Kids test parents’ patience all the time. They whine, bargain, cry, mope and dawdle. They yell and scream and make themselves the centre of attention. Sometimes they dig their heels in and simply refuse to budge. While we may wish our kids would be compliant, cooperative and sunny in temperament, the reality is that they are doing exactly what they’re supposed to be doing. They are learning how to manage their emotions, whether it’s sadness, anger or fear. Kids do this by expressing themselves in the moment. Unlike adults, most young children don’t hold in what they are feeling. They release pent-up emotions right when they feel them, if we let them, and then they move on!
With tornado sirens howling, thunder crashing and lightening forking through dark clouds, most anyone might feel a mixture of unease and awe with nature’s dramatic display. Many families, however, would prefer to skip the show given the emotional havoc storms wreak on their kids.
Do you have a child who won’t cooperate with your requests? Do you repeat yourself so often that you sometimes feel invisible? Don’t get frustrated! Don’t yell, beg or threaten! Instead, try one of these fun and effective approaches.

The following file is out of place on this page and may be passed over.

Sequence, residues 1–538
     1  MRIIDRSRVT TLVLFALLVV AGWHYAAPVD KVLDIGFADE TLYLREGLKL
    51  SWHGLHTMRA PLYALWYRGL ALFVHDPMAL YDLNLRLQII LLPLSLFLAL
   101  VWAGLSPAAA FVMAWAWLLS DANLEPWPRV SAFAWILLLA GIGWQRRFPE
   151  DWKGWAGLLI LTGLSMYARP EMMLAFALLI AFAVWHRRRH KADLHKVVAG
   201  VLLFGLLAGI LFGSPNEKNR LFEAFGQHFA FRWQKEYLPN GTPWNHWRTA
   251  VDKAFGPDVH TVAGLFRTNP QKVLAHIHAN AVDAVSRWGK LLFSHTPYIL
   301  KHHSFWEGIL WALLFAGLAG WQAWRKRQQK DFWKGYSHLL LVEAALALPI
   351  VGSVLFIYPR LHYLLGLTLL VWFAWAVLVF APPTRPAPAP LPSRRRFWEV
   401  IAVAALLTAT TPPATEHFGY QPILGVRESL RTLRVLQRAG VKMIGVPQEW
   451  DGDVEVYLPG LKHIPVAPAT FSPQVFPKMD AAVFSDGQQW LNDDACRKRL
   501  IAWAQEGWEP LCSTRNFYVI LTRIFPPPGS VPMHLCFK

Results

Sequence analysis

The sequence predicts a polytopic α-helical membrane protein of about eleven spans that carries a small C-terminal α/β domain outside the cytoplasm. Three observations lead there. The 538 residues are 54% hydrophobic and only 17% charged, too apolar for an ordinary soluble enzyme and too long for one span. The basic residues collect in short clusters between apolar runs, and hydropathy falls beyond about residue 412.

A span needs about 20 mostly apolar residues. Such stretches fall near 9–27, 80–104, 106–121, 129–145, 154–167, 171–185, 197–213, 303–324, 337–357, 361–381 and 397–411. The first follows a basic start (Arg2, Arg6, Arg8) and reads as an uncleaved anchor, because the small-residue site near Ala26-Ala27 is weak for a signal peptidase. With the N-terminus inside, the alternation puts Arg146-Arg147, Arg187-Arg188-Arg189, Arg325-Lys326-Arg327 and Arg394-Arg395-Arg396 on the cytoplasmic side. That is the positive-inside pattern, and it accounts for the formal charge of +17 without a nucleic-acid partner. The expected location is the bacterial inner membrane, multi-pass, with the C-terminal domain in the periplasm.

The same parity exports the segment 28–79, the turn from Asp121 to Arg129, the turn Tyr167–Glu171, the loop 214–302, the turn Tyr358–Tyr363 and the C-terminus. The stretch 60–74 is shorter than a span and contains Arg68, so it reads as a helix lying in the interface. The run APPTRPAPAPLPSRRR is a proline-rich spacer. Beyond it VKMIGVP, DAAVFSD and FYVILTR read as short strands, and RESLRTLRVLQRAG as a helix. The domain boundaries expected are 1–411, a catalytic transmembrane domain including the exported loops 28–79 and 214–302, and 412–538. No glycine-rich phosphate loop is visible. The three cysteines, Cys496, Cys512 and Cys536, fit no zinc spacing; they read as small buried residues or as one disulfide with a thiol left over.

You’ve picked up your child from their twos, threes or fours program, with the rest of the day or the weekend ahead of you. Now what? It’s a common dilemma. “So many parents ask me, ‘What do I do with my child when we get home?’” says Elissa Sungar, a former preschool teacher at Stanford University Laboratory School and the co-creator of www.ifnotyouwho.org, a free website that guides parents through 300 short and fun daily activities to help them make sure their child is ready for Kindergarten.
Calgary’s Child Magazine © 2017 Calgary’s Child